• 43 percent of customers say their bank doesn’t understand their needs
  • One in four would choose another provider for their next account or service
  • Only 40 percent of respondents worldwide turn to a financial professional for advice, and of these, 28 percent believe the advice is ineffective

IoE Trust and Value Gap graphic

Meanwhile, a growing cadre of disruptive “non-bank” innovators is exploiting this value gap between banks and their customers. They range from technology companies such as Apple and Google, to retailers such as Amazon.com and Tesco, to mobile and digital-only banking services, payment companies, and automated investment services. A surprising 80 percent of consumers surveyed said they would trust a non-bank for their banking services. In eight out of the 12 countries surveyed, more consumers would actually trust a non-bank than their own bank.

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In Emerging and Developed Markets Alike, Banking Customers Demand IoE-Driven Services

Around the world, banking customers express similar frustrations: they believe the value they receive from their banks is declining, at a time when their trust in those banks already has eroded.

What’s more, according to a Cisco survey of 7,200 banking customers in 12 countries, four out of five customers would trust a non-bank, such as a technology company or retailer, to handle their banking needs. Some of those disruptive competitors are succeeding where banks fail: by engaging customers with convenient transactions and value-added services.

The Cisco study found that Internet of Everything (IoE)-enabled services can help restore the value customers expect from banking institutions. IoE — the networked connection of people, process, data and things — makes it possible for banks to offer a more relevant, engaging, and convenient experience for customers.

Of the $19 trillion in global economic value Cisco estimates IoE can create over the next decade, 7 percent ($1.3 trillion) is accounted for in the finance market and could be addressed with concepts included in this survey.

The digitization of business and society is happening at a rapid pace and people are looking for improved, digital services that make life easier. Banks need to embrace this pace of change and deliver relevant services or risk becoming obsolete in a market where other providers are stepping in to fill the gaps.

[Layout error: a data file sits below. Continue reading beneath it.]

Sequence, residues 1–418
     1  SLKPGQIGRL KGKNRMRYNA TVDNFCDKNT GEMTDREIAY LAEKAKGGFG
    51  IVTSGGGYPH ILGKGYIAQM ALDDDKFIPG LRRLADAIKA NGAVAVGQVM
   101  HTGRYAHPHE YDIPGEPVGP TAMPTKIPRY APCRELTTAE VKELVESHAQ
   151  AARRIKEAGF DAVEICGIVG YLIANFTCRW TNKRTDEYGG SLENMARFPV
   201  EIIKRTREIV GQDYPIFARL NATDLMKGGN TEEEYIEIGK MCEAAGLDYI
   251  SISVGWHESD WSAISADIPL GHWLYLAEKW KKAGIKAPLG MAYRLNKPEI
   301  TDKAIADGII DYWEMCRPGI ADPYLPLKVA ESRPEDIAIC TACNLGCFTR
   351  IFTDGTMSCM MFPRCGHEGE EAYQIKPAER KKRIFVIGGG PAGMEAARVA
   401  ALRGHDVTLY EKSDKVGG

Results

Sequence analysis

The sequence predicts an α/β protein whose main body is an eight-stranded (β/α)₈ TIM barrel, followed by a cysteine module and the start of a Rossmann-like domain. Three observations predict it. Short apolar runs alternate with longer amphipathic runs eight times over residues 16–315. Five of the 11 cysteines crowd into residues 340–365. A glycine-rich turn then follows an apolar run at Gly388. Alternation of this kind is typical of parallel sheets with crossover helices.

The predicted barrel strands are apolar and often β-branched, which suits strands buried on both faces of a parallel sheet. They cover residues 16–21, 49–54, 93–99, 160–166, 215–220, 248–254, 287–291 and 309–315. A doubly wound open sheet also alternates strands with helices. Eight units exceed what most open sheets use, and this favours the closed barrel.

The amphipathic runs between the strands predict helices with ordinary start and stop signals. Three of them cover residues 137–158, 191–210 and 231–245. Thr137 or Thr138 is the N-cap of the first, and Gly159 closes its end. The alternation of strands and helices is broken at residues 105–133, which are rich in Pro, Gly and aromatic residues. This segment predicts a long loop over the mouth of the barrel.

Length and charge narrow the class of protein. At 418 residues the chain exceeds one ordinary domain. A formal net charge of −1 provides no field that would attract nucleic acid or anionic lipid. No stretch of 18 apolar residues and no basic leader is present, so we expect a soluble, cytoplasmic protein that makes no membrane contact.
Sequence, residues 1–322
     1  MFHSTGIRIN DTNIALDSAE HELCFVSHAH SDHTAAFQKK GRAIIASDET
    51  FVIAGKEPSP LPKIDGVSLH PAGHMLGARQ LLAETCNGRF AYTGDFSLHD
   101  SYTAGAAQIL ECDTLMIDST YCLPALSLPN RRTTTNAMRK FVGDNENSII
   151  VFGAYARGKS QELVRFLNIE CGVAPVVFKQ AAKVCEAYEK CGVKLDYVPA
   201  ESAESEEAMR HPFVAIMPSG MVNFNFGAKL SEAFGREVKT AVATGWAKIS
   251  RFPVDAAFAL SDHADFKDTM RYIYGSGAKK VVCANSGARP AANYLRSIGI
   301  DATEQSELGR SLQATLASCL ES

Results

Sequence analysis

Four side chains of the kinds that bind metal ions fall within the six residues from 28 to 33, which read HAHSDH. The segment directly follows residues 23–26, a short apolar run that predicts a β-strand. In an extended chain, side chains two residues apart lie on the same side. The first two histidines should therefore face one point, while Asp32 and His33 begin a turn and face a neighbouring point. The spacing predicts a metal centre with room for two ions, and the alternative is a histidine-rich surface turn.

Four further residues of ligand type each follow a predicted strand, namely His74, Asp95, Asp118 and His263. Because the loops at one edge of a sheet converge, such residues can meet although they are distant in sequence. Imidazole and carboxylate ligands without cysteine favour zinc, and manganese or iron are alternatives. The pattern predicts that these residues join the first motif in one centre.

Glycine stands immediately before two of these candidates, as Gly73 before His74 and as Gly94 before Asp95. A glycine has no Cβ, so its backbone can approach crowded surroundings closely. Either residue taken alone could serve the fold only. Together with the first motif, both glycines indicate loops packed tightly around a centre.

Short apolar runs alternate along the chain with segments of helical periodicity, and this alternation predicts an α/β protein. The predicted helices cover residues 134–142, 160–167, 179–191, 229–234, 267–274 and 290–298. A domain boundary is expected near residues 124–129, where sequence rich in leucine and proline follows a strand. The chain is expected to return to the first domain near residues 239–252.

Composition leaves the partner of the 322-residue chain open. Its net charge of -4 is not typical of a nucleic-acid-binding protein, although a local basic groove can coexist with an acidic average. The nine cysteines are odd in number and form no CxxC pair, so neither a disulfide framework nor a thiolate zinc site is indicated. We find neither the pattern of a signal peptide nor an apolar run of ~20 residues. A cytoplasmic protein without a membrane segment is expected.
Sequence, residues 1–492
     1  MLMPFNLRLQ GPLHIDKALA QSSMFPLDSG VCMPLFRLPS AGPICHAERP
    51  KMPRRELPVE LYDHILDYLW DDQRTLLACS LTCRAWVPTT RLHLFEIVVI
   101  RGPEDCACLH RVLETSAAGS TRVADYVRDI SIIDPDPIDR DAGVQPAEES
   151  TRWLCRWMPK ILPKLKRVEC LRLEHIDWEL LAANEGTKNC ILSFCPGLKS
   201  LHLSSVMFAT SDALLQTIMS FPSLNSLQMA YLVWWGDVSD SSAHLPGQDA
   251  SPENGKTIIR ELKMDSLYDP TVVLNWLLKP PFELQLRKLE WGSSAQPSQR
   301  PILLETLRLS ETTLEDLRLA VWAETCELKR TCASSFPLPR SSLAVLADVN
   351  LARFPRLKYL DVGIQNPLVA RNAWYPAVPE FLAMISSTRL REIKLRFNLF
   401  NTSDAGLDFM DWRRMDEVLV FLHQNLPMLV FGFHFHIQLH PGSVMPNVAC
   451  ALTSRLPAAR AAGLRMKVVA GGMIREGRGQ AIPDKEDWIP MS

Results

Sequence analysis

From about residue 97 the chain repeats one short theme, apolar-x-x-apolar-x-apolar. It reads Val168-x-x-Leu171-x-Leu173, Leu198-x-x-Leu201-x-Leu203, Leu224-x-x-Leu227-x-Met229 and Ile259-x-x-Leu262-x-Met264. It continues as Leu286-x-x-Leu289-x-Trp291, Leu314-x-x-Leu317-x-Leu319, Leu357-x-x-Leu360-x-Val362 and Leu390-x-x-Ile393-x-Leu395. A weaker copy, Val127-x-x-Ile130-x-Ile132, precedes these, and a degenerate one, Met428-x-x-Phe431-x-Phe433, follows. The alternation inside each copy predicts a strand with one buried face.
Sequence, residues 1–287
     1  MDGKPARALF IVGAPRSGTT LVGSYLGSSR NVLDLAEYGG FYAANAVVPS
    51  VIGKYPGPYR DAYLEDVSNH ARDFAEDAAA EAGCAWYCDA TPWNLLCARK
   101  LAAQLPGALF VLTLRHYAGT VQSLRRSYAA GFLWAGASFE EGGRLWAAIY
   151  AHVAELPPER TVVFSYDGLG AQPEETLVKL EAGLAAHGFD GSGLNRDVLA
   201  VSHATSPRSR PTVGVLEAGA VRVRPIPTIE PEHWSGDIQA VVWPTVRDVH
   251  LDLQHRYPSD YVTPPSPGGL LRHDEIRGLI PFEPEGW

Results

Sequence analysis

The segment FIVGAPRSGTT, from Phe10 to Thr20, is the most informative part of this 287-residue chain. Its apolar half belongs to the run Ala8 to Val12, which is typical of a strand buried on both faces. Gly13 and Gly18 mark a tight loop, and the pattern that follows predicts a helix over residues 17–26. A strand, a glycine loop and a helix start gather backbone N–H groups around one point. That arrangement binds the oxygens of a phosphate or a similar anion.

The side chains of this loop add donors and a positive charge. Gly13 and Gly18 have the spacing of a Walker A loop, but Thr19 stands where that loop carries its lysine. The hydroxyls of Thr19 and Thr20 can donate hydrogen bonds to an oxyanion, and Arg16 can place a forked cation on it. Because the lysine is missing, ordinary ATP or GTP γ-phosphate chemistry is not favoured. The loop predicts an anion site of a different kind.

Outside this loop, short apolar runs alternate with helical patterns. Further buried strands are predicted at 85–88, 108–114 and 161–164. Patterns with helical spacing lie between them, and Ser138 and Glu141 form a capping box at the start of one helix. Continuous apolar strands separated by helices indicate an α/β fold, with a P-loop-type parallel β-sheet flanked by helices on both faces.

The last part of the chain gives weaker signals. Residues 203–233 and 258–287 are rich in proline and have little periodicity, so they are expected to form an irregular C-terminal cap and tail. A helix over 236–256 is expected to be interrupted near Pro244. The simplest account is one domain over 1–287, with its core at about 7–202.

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IoE Can Help Banks Regain Customer Trust by Delivering Better Advice and Mobile Services

In years past, a visit to the neighborhood bank branch often featured face-to-face meetings with a trusted advisor who would guide customers through their most challenging financial journeys — often over a cup of coffee. Today, many banks have ceded that privileged position of trusted advisor. While banks have made great strides in using technology to cut costs and streamline transactions, customer experience and engagement have suffered.

In a Cisco survey of 7,200 bank customers in 12 countries, 43 percent of customers said their primary bank does not understand their individual needs. As a result, many respondents feel that their choice is between bad financial advice or no advice all. Moreover, nearly one in four bank customers intend to choose another provider for their next financial product or service. Increasingly, that provider could be a non-bank such as Apple, PayPal, or a retailer. Four out of five customers would trust a non-bank to handle their banking needs.

The Advice Advantage: How Banks Can Close the ‘Value Gap’ and Regain Customer Trust from Cisco Business Insights

Clearly, the perceived value that customers receive from banks is declining, along with their trust in banks to represent their interests. Banks are seen as commoditized — and replaceable — providers of transactions. Meanwhile, in the wake of the financial crisis of 2007-2008 and some well-publicized banking scandals, banks’ “trusted advisor” status has suffered. Moreover, it is easier than ever to switch to a non-bank that customers believe has a better understanding of their needs.